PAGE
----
Krishnamurti & the Art of Awakening

Ray Drew - Personal Profile


Ray Drew
Ray Drew
Australia
Birthday: November 11
Url: http://www.raydrew.net
Member since: Tue, 08 Sep 2009, 2:29am
Last visited almost 8 years ago

Member Statement

As a wildlife photographer and writer, I am constantly confronted by the fact of cruelty to wildlife in my region and their disappearing habitat, The basic reason for it is that fact that everywhere, man tries to remove himself from nature and from his fellow animals. He tries to live in a virtual world of thought and he attempts to suppress or even destroy the living. We need to link up with friends sensitive to life and embracing here and now awareness. K's message is even more relevant in these destructive days.

Interests and Recommendations

Books

All of K's later books. Writing the Natural Way by Rico

Interview Answers

If you had to sum up what Krishnamurti is all about in just a few words of your own, what would they be?

Insight into the process of thought and society/civilisation.

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Do you think it is possible to make Krishnamurti more "practicable" than what he himself seems to have allowed for?

No. Others have attempted to create 'practical' methods of 'awareness' in order to 'achieve' transcendence. Soon the mind is drawn into yet another system and loses creative freshness. As Krishnamurti has said, 'truth is a pathless land'.

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How do you personally go about exploring the Krishnamurti's teachings (through personal study, dialogues, dvds)?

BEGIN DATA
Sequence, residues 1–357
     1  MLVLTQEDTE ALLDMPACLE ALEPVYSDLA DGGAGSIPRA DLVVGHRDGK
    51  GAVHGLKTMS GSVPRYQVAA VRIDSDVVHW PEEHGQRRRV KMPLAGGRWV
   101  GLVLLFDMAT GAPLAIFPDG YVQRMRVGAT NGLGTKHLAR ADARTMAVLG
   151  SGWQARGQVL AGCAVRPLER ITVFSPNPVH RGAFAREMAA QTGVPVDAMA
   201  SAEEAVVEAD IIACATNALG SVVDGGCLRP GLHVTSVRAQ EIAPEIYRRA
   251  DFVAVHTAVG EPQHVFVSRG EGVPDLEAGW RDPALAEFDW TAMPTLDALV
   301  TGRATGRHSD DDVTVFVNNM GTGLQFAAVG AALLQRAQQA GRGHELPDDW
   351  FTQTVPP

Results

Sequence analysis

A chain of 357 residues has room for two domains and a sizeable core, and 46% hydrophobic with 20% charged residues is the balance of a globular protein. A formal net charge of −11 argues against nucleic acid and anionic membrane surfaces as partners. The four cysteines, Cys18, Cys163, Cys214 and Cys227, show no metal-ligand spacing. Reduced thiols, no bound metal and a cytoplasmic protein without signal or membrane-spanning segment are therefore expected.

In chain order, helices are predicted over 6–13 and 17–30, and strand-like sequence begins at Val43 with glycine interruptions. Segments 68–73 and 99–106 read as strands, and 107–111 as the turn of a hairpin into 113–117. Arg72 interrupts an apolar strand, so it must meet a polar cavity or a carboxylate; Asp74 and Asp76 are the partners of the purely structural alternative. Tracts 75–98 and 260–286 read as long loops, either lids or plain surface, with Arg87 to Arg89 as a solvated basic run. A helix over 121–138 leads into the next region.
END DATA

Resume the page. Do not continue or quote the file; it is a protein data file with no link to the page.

I have been reading K since 1960. I find that after reading his work intensely, it is often good to allow the words to 'incubate' for several years. It is vitally important to see life with one's own eyes, and not just quote K verbatim, because then his teachings are merely followed as an ideology. When K spoke, he spoke creatively, from the moment, not as a lecturer, repeating a rehearsed speech does. We have to live that way, creatively, freshly, perceptively. In a sense we have to throw the teachings away and look at life afresh.

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Do you think Krishnamurti was exceptional, or is the transformation he spoke of universally accessible?

Having seen K, and heard him speak, I have no doubt he was exceptional. I have to admit I have never seen his like. However, the transformation he spoke is universally accessible. We spend out time trying to avoid that which lies beyond thought. Life is always here and has never gone away. Having said that, the entire civilised structure is designed to avoid clear seeing. That which K spoke of and we must indeed look directly and 'pathlessly' at what is without conformity or fear. These days there is enormous social pressure on us not to see the real.

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